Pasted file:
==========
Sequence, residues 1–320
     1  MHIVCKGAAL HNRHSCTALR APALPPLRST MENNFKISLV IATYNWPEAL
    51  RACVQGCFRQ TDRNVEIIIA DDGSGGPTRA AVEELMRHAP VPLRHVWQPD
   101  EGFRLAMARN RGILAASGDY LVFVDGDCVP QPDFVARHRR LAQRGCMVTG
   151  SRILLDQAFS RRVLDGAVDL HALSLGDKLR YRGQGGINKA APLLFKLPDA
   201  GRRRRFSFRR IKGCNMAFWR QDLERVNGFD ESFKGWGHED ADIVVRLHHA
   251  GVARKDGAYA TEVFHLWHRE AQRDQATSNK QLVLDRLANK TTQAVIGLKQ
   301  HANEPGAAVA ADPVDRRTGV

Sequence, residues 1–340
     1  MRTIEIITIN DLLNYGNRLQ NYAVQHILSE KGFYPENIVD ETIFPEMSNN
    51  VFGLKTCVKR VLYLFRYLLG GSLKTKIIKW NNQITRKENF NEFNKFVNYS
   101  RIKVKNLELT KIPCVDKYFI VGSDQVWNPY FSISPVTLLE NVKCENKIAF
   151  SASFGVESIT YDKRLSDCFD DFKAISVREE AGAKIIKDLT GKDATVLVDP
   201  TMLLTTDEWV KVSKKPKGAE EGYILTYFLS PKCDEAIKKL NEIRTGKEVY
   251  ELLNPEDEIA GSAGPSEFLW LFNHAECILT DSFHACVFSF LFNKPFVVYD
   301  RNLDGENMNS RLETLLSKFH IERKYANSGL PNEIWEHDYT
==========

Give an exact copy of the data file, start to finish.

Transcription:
Sequence, residues 1–320
     1  MHIVCKGAAL HNRHSCTALR APALPPLRST MENNFKISLV IATYNWPEAL
    51  RACVQGCFRQ TDRNVEIIIA DDGSGGPTRA AVEELMRHAP VPLRHVWQPD
   101  EGFRLAMARN RGILAASGDY LVFVDGDCVP QPDFVARHRR LAQRGCMVTG
   151  SRILLDQAFS RRVLDGAVDL HALSLGDKLR YRGQGGINKA APLLFKLPDA
   201  GRRRRFSFRR IKGCNMAFWR QDLERVNGFD ESFKGWGHED ADIVVRLHHA
   251  GVARKDGAYA TEVFHLWHRE AQRDQATSNK QLVLDRLANK TTQAVIGLKQ
   301  HANEPGAAVA ADPVDRRTGV

Sequence, residues 1–340
     1  MRTIEIITIN DLLNYGNRLQ NYAVQHILSE KGFYPENIVD ETIFPEMSNN
    51  VFGLKTCVKR VLYLFRYLLG GSLKTKIIKW NNQITRKENF NEFNKFVNYS
   101  RIKVKNLELT KIPCVDKYFI VGSDQVWNPY FSISPVTLLE NVKCENKIAF
   151  SASFGVESIT YDKRLSDCFD DFKAISVREE AGAKIIKDLT GKDATVLVDP
   201  TMLLTTDEWV KVSKKPKGAE EGYILTYFLS PKCDEAIKKL NEIRTGKEVY
   251  ELLNPEDEIA GSAGPSEFLW LFNHAECILT DSFHACVFSF LFNKPFVVYD
   301  RNLDGENMNS RLETLLSKFH IERKYANSGL PNEIWEHDYT